An Act to amend the Criminal Code (non-consensual making or distributing of intimate images)

This bill was last introduced in the 41st Parliament, 2nd Session, which ended in August 2015.

This bill was previously introduced in the 41st Parliament, 1st Session.


Robert Chisholm  NDP

Introduced as a private member’s bill. (These don’t often become law.)


Outside the Order of Precedence (a private member's bill that hasn't yet won the draw that determines which private member's bills can be debated), as of June 17, 2013
(This bill did not become law.)


This is from the published bill. The Library of Parliament often publishes better independent summaries.

This enactment amends the Criminal Code to create the offence of non-consensual making or distributing of intimate images for a malicious purpose.


All sorts of information on this bill is available at LEGISinfo, an excellent resource from the Library of Parliament. You can also read the full text of the bill.

Protecting Canadians from Online Crime ActGovernment Orders

October 10th, 2014 / 1:05 p.m.
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Niki Ashton NDP Churchill, MB

Mr. Speaker, I am very pleased to rise in this House to speak to this very important bill. I want to thank my colleagues who, both in committee and in the House of Commons, have defended our New Democrat position in opposition to the bill, and have spoken of what we expected from our proposal to ensure that the bill is about putting a stop to cyberbullying, as it says it is.

Unfortunately, what we have, once again, is the Conservative government using language—and in this case, I would also argue, using people who are in vulnerable situations—to put forward a regressive agenda that has everything to do with attacking people's privacy. It leaves tremendous loopholes in terms of powerful actors gaining access to private information, and that would do very little to put a stop to cyberbullying, which is a very serious and sometimes tragic problem in our society.

We have heard from my colleagues as to why we do not support the bill. We put forward, I believe, 37 amendments at committee to improve the bill. We indicated that whether it is the private member's bill put forward by my colleague, the member for Chicoutimi—Le Fjord, for an anti-bullying strategy, or the bill put forward by my colleague, the member for Dartmouth—Cole Harbour, to deal with sexual images and exploitation online, there are ways we can try to put a stop to cyberbullying and to the way in which too many people are exploiting privacy, private images, and taking advantage of people, in many cases young women, online.

What I find most disturbing about the debate and discussion around Bill C-13 is the way in which the tragic stories of young women who took their own lives as a result of cyberbullying are being used by the current government to push its agenda.

I do not know how many more ways we can say that this is wrong, that this is beyond disrespectful. It is disturbing, frankly.

I have had the opportunity to meet with the mother of Amanda Todd, and I have met with other youth, including those involved in Jer's Vision, who have done a great deal to try to fight bullying and cyberbullying in our communities. These are people with ideas. Sometimes these are ideas that come from places of immense pain, of having lost a loved one or having themselves experienced suicidal thoughts to get away from bullying. Despite that, they are proposing ideas. They are finding ways in their communities, and they are calling upon leaders at all levels of government, particularly at the national level, to take steps that would have an impact on ending bullying.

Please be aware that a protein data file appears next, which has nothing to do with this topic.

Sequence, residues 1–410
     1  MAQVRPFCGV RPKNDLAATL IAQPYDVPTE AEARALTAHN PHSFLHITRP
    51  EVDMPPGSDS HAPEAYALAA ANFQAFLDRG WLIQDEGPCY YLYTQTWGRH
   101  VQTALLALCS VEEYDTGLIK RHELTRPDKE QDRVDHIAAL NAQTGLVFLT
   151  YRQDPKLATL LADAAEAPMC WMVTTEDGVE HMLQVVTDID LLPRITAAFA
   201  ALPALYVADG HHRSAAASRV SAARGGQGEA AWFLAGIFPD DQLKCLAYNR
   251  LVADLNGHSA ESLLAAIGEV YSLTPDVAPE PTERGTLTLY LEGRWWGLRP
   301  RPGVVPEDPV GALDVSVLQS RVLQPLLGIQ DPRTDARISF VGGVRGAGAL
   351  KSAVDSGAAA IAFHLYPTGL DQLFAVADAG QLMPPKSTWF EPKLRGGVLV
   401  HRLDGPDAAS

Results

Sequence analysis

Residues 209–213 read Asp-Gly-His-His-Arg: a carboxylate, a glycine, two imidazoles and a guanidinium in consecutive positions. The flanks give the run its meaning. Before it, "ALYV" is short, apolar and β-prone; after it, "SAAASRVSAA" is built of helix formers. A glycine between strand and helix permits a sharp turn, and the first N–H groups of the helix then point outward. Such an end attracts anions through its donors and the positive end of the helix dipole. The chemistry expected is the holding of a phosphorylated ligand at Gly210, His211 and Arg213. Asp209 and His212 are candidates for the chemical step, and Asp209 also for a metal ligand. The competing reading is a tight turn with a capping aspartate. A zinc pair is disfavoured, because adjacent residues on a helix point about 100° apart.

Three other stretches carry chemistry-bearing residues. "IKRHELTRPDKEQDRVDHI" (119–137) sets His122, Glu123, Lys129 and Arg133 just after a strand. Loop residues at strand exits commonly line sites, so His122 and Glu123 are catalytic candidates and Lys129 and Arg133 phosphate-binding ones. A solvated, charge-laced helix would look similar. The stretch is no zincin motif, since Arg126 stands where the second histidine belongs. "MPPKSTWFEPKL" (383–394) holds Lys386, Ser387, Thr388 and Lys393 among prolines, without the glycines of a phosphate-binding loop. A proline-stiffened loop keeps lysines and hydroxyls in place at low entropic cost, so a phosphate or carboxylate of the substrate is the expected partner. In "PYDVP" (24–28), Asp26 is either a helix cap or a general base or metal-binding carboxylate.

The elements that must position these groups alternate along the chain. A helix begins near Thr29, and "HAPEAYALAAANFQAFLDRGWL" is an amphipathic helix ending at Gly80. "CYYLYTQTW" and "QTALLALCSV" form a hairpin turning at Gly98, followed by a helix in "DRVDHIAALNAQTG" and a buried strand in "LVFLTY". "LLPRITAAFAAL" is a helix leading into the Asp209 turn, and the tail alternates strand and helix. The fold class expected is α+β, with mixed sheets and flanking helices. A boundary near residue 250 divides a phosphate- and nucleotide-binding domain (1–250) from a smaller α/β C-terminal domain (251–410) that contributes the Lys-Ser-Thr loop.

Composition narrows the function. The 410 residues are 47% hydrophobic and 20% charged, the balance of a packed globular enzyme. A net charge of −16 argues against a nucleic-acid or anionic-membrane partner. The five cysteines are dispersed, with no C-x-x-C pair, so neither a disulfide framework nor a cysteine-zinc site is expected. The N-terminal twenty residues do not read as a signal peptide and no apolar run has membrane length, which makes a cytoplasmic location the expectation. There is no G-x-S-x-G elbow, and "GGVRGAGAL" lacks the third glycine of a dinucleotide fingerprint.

I am particularly encouraged by those who are applying a gender lens to this kind of bullying because we know it has a gender lens. There were the high-profile cases of young people who took their own lives as a result of cyberbullying, and they were women. In many of the cases, unfortunately, particularly in the mainstream media, women's experiences when it comes to the use of bullying was missed. Sexual objectification is very different and can lead to some very devastating situations.

I also want to acknowledge the way in which LGBT youth, lesbian, gay, and trans youth, are often the targets of cyberbullying, which has a gendered lens as well. Yet nowhere in Bill C-13 is there any plan to act on, not just bullying, but the cyber-misogyny that we see running rampant online and in our society.

I would like to turn the attention of the House and of those who are listening to the phenomenal work being done across the country to draw attention to cyber-misogyny and the way in which we can take legal action, but more importantly, employ policies and invest socially in order to put an end to cyber-misogyny.

I want to draw attention to the recent report by West Coast Leaf called “#CyberMisogyny” that is entirely about what all of us at the federal, provincial and municipal levels, in our schools and even in our homes can do to begin putting an end to cyber-misogyny. It is not a quick fix and it certainly is not Bill C-13. What it requires is real leadership and tackling the very serious issues of inequality, violence against women, sexual harassment, and the marginalization of girls and women in our society.

It also means taking bold action when it comes to putting an end to the discrimination of trans people and the particular discrimination that trans women face, and recognizing that we have a role to play. Sadly, all I hear in the House is the way in which the Conservative government is using the stories of young women who experience cyber-misogyny to put forward its own agenda, which has nothing to do with that. The hypocrisy, and frankly, the disregard for these women's memories is, like I said, disturbing.